Nashville and Corn Bread
By Judith Hausman, Urban Farm Contributing Editor
Wednesday, October 6, 2010
Photo by Judith Hausman
Nashville introduced me to many corn bread variations, including corn light bread, which is a sweet, loaf version.
I got around this summer! Lucky me, within 10 days I was in a covered market hall in Montreal and another in Nashville, Tenn. At the start of the autumn harvest season, the two markets shared much in common despite the radically different grow zones: tomatoes and squash, string beans and garlic, grass-fed meats, sophisticated cheese (get a hold of Bonnie Blue Farm’s wonderful farmstead goat Camembert, if you can), lined-up jars of jam, and pickled vegetables. In fact, even the music was similar; the fiddle and twang of Celtic roots are the sturdy backbone of both bluegrass and Acadian music.
But what I loved at the Franklin Farmer’s Market at The Factory just outside of Nashville was noticing what was different there.
Tiny, pale-green bagfuls of lady peas or field peas never show up in my market at home. They looked wonderfully tender and moist, just begging for a succotash. We have foxy Concord grapes but no Muscadines in the Hudson Valley. Those sweet, wild grapes must make a great pie. Jam made from the large fleshy variety (aka Scuppernogs) was for sale as well, next to jars of pickled okra and chow chow, a sweet-tart relish that enlivens stewed turnip or collard greens.
Now, I make a pretty good corn bread, but I’ve never seen so many gradations of corn bread as I did in Nashville. Corn light bread is sugary and cake-like; we had a thick slice on our plates with the smoked brisket and chicken barbecue we ate for lunch later that day.
At our cafeteria-style, meat-and-three lunch (fried chicken, squash casserole, turnip greens and sweet potatoes for me), I found out that fried corn bread is a skillet cake. It’s puffy, not lacey like johnnycake, made with flint cornmeal in Rhode Island, not thick like Colombian arepas made with masa.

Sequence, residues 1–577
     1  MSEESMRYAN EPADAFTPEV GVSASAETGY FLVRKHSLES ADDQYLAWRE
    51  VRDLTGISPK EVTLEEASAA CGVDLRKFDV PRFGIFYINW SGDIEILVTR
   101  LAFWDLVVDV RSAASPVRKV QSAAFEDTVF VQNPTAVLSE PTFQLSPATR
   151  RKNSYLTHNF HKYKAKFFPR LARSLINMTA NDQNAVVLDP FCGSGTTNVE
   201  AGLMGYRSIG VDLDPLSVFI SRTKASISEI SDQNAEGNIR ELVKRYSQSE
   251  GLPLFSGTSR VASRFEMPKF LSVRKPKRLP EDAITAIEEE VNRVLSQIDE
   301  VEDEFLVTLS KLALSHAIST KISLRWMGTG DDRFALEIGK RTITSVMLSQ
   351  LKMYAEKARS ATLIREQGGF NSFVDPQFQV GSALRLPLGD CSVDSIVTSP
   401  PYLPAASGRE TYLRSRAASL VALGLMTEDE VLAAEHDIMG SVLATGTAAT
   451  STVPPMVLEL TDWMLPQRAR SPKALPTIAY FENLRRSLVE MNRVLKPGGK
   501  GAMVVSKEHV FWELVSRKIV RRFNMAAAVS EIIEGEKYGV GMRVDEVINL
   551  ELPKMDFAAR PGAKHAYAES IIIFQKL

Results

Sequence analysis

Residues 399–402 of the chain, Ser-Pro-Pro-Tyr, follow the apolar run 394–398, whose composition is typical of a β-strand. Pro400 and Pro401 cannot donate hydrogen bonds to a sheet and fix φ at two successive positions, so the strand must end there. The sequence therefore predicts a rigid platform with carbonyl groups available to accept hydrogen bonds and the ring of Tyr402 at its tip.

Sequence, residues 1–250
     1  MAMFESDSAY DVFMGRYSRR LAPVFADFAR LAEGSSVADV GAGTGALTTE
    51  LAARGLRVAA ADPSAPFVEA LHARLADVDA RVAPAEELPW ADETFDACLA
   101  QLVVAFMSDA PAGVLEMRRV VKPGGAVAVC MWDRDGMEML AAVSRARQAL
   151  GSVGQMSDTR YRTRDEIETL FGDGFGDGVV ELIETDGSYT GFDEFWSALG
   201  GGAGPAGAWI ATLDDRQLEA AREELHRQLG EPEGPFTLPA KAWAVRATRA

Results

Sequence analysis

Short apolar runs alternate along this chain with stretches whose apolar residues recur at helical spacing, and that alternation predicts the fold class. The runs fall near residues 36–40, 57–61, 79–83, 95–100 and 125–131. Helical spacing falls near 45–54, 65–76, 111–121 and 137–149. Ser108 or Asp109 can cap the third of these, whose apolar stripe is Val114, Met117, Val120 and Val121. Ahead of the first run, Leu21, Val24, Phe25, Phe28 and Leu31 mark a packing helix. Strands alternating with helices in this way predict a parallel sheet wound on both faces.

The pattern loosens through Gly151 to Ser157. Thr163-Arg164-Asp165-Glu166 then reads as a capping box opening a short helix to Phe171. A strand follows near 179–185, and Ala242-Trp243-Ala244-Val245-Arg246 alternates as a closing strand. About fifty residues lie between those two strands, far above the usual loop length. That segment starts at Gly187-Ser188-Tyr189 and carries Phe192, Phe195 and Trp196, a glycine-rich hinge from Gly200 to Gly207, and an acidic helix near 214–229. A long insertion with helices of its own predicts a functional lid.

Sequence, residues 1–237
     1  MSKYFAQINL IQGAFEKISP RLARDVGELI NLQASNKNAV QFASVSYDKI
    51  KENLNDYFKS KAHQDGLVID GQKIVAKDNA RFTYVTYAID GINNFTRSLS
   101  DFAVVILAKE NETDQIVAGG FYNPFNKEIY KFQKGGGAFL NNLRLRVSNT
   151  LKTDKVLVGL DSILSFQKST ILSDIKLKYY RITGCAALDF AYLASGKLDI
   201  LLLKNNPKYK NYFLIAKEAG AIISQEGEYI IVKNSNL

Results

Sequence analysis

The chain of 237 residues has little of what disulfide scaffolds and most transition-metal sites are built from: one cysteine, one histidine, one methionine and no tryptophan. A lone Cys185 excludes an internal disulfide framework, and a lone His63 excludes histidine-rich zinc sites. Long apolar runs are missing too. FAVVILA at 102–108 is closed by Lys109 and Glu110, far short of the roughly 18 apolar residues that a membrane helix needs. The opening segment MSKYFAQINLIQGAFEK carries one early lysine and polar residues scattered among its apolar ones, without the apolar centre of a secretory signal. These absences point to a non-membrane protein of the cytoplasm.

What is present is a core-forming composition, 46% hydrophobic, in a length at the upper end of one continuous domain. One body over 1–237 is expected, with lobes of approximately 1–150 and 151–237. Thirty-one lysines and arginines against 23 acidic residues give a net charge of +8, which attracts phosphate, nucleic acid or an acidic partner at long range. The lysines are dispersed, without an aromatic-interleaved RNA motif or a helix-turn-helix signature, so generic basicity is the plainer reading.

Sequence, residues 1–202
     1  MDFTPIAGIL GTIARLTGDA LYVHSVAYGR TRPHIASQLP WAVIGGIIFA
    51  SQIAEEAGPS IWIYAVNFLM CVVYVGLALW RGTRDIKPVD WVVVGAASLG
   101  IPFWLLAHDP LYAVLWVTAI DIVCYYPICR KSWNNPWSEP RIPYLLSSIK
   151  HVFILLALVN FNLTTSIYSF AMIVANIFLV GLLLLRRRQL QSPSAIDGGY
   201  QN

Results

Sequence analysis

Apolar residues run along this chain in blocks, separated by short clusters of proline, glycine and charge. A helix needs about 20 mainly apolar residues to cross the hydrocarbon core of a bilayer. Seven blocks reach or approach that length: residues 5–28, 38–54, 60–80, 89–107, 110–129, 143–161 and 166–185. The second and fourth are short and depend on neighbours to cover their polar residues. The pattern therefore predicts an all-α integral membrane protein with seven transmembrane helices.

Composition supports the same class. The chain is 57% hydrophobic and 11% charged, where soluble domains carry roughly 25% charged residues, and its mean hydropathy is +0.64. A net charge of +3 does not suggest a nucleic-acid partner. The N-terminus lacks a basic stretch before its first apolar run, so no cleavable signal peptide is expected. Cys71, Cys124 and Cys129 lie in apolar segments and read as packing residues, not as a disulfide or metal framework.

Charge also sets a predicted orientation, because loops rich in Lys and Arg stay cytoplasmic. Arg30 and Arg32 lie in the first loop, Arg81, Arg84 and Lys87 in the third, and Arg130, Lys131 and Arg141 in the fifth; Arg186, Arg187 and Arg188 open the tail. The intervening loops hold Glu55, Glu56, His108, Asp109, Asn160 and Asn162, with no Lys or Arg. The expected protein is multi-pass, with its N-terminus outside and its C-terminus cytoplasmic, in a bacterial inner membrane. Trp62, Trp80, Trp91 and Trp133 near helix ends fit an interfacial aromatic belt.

Round hush puppies are actually the deep-fried version of corn bread, and my hostess described another intriguing, simple corn bread she makes by spooning the batter right into the fry pan. And grits is just hominy cornmeal, and it’s just amazing made with butter, some cheese and topped with grilled shrimp, peppers and tomatoes.
It’s funny to think that polenta can be a fancy Italianate menu item when you see how many down-home ways cornmeal is prepared in the South. And visiting the Franklin Market was like hearing the gracious Nashville accent represented in local food.
Melba's Corn Light Bread
Turns out, my hostess usually buys her corn light bread from her favorite barbecue joints, but this is the recipe she uses when she makes her own. I found dozens of variations of the bread (sorghum syrup, more butter, an egg, self-rising flour, heated pan) and also the history of the specialty. Light is not the color; it’s the leavening, and light was also synonymous with loaf—that is, bread baked in a loaf pan not a skillet. Expect this to be grainier and sweeter than other corn breads.
- 2 cups corn meal
- 3/4 cup sugar
- 1/2 cup flour
- 1 tsp. salt
- 1 tsp. baking soda
- 2 cups buttermilk
- 3 T. hot bacon drippings, melted shortening or butter
Preheat oven to 350 degrees.
Mix together cornmeal, sugar, flour and salt. Combine buttermilk and baking soda, then stir into dry ingredients until combined. Add bacon fat, melted shortening or butter. Pour batter into a greased loaf pan, and bake until golden brown, about 50 to 60 minutes. Transfer to a rack to cool before slicing.
Makes 1 loaf.
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